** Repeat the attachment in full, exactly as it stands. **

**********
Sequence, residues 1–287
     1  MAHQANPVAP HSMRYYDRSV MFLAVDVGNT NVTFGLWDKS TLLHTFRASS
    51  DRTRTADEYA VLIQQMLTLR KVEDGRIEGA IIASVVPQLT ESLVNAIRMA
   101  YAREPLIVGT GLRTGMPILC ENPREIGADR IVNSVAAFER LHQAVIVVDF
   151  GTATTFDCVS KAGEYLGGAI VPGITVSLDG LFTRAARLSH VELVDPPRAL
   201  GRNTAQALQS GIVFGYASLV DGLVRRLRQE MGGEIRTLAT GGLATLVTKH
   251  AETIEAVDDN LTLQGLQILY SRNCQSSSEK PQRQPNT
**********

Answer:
Sequence, residues 1–287
     1  MAHQANPVAP HSMRYYDRSV MFLAVDVGNT NVTFGLWDKS TLLHTFRASS
    51  DRTRTADEYA VLIQQMLTLR KVEDGRIEGA IIASVVPQLT ESLVNAIRMA
   101  YAREPLIVGT GLRTGMPILC ENPREIGADR IVNSVAAFER LHQAVIVVDF
   151  GTATTFDCVS KAGEYLGGAI VPGITVSLDG LFTRAARLSH VELVDPPRAL
   201  GRNTAQALQS GIVFGYASLV DGLVRRLRQE MGGEIRTLAT GGLATLVTKH
   251  AETIEAVDDN LTLQGLQILY SRNCQSSSEK PQRQPNT